ADULT FLAT FOOT DEFORMITY

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POSTERIOR TIBIAL TENDON DYSFUNCTION

The posterior tibial tendon (PTT) is a critical supporting structure of the foot. The PTT has a large rule in supporting the arch of the foot and helps during the walking (the gait cycle). Dysfunction of the PTT can cause (PTTD) can cause changes in the tendon leading to impairment to support the foot arch and flattening of the foot.

The PTTD is commonly referred to adult acquired flatfoot because it is most commonly seen in adult with flatfoot deformity. The condition usually affect one foot, however, it may develop it in both feet. In many cases, PTTD is progressive deformity that may worsen if it is not treated early.

 
 

Causes

PTTD is often caused by overuse of the tendon with symptoms provoked after activities that involve the tendon, such as running, walking, hiking or climbing stairs. Obesity and ill fitting shoes without arch support may contribute to the condition.

 

Symptoms

The PTTD is a progressive condition. Initially symptoms manifest as pain and swelling along the course of the tendon on the inside of the ankle. This may associates with flattening of the foot.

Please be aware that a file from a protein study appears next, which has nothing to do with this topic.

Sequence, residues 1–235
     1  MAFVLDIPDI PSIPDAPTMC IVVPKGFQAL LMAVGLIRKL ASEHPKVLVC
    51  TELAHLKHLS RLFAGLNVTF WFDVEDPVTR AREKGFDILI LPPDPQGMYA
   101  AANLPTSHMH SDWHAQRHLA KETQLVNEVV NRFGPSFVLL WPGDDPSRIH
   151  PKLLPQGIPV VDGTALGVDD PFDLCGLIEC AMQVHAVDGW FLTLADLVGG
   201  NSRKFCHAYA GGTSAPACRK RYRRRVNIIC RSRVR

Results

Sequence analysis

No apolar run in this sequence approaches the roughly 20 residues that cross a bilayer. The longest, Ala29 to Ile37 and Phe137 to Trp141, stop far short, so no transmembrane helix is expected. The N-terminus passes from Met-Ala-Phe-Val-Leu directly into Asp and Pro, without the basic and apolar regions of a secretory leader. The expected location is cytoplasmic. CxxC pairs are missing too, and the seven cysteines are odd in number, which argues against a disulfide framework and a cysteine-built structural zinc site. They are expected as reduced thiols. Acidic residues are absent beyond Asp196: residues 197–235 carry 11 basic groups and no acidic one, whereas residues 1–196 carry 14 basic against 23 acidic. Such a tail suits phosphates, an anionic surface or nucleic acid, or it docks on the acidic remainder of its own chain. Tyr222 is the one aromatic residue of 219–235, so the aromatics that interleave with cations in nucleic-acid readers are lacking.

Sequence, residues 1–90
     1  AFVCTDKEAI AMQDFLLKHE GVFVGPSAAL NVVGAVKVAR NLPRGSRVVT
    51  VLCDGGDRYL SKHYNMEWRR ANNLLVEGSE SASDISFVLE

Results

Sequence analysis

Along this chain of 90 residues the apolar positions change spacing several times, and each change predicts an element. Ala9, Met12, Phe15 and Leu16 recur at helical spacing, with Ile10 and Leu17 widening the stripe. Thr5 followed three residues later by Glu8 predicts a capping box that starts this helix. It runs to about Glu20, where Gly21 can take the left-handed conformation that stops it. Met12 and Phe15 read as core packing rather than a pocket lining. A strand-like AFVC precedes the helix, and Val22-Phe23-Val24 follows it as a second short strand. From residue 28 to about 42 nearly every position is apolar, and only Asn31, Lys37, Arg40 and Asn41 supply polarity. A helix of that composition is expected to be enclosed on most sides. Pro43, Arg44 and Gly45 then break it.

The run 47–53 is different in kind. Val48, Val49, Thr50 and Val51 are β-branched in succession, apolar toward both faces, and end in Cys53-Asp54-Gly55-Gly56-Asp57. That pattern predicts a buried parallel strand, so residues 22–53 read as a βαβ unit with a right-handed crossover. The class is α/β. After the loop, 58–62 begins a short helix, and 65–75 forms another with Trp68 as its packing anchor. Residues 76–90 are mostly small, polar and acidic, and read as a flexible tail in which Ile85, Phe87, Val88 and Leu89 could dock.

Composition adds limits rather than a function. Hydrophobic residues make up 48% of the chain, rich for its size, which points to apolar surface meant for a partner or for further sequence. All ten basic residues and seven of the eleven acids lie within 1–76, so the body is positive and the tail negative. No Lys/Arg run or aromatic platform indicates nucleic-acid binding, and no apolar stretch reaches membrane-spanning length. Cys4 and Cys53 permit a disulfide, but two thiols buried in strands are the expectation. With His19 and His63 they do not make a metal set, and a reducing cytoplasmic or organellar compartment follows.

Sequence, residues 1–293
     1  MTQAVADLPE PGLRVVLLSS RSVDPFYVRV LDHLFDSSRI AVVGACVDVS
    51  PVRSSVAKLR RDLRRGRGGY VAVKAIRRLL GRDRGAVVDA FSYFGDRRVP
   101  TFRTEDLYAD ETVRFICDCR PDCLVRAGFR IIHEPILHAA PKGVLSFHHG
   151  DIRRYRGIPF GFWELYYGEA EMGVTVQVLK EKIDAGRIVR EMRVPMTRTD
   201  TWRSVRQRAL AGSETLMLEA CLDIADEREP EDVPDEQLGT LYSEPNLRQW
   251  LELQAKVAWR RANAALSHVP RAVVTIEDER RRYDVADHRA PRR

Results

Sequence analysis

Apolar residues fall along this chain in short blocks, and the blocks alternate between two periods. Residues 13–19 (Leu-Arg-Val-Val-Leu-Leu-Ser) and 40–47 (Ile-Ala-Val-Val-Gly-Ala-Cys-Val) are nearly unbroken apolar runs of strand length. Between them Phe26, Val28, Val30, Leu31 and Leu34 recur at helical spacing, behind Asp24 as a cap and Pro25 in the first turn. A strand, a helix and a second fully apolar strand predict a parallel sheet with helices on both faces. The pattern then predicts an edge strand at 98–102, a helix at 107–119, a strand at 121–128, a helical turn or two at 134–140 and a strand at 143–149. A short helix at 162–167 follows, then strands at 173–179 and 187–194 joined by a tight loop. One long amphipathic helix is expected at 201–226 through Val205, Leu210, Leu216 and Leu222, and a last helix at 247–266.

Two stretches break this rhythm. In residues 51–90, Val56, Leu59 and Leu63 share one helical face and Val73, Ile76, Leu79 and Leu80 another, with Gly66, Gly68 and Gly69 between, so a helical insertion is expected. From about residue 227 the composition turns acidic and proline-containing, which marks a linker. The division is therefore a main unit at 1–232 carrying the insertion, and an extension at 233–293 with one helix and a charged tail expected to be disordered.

As condition progress, the foot arch flattens with inward rolling of the ankle and outward turning of the foot. Pain shifts toward the ankle and to the outside of the foot below the ankle as arthritis develop.

 

Diagnosis

Your physician will initially examine your foot and ankle and evaluate the range of motion of your foot and ankle joints and evaluate the condition of the tendon. An x-rays evaluation and other diagnostic imaging modalities might be considered for further assessment of the tendon.

 

Treatment

Early diagnosis and treatment is necessary to arrest the progress of the condition and resolve the inflamed tendon.

Untreated PTTD can progress to flat foot, painful arthritis in the foot and ankle and increasing limitations on walking, running or other activities.

PTTD treatment begin with nonsurgical approaches that may include:

  • Orthotics or bracing. In order to support the foot arch.

  • Immobilization. Avoid all weight bearing activities. Utilize CAM walking boot and sometimes short-leg cast in order to immobilize the foot and allow the tendon to heal.  

  • Physical therapy. Stretching exercises for cases associated with short achilles tendon can be beneficial. Physical therapy after immobilization and recovery of the tendon, ultrasound therapy and exercises may help rehabilitate the tendon and muscle.

  • Medications. Nonsteroidal anti-inflammatory drugs (NSAIDs), help reduce the pain and inflammation.

  • Shoe modifications. Your physician may advise changing the shoe type and may prescribe custom insert to support the foot arch. 

 

Surgical Intervention

In some cases, non-surgical approach is unsuccessful to prevent the progress of PTTD. The condition advances to arthritis causing further pain and limitations to which surgery may be required.  Your physician will determine the best surgical approach based on the condition.

 
 

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